Senior Project Advisor
Online video games, Video game economies
Time and time again, economics as a discipline has been criticized, particularly heavily during times of economic fluctuations and hardship. The public sometimes expects economists to be able to predict the ebbs and flows of the economy, and to perfectly model human behavior. Even if the field had perfect equations to model human behavior, and there is significant debate within the field if such a thing is even possible, economists must often rely upon flawed data. In order to create the sort of equations that might predict the next recession, or to measure how many people are unemployed, economists must aggregate a massive amount of data that can sometimes not be fully characteristic of a population. Economics frequently deals with the problems of having to collect often ambiguous data, from sometimes less than reliable sources, which may lead then to having models that lack predictive power. This often leads to frustration from both economists and the masses, who understandably get irritated about models that don't appear to accurately reflect the real world. However, some in the field have begun to recognize a potential new avenue for the aggregation of data and the facilitation of representative experiments.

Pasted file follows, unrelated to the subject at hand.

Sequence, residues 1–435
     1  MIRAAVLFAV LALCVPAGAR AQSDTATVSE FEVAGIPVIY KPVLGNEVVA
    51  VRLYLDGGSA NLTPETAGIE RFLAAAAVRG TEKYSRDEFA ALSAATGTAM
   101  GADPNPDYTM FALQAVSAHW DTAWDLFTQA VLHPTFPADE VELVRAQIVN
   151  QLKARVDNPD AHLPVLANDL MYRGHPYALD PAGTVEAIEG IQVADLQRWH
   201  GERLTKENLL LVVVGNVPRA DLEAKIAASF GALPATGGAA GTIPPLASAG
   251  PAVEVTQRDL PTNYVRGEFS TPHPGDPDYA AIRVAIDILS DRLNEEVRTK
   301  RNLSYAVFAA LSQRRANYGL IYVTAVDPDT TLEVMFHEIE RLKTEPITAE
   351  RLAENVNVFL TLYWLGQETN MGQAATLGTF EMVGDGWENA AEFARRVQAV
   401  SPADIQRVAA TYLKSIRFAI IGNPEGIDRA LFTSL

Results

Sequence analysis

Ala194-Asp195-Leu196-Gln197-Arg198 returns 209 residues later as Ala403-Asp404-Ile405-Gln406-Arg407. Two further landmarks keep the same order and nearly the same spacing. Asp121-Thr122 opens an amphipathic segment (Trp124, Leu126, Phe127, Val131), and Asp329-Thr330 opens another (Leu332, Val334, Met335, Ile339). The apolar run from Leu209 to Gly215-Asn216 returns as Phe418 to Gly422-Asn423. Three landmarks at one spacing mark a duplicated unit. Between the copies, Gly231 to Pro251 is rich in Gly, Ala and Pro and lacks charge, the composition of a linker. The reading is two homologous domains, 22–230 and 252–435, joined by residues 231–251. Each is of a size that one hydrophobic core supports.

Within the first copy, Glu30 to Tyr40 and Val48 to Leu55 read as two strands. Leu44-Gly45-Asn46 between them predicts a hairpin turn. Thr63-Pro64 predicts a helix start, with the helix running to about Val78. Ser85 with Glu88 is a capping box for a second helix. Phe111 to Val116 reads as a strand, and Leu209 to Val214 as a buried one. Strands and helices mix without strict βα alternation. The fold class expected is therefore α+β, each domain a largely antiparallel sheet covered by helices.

Greenfield, Eli, "Economic Simulus: Online Economies, Virtual Currencies, and Their Relevancy to the Real World" (2013). WWU Honors Program Senior Projects. 165.
Subjects - Topical (LCSH)
Video games--Economic aspects; Digital currency; Economics
student projects; term papers
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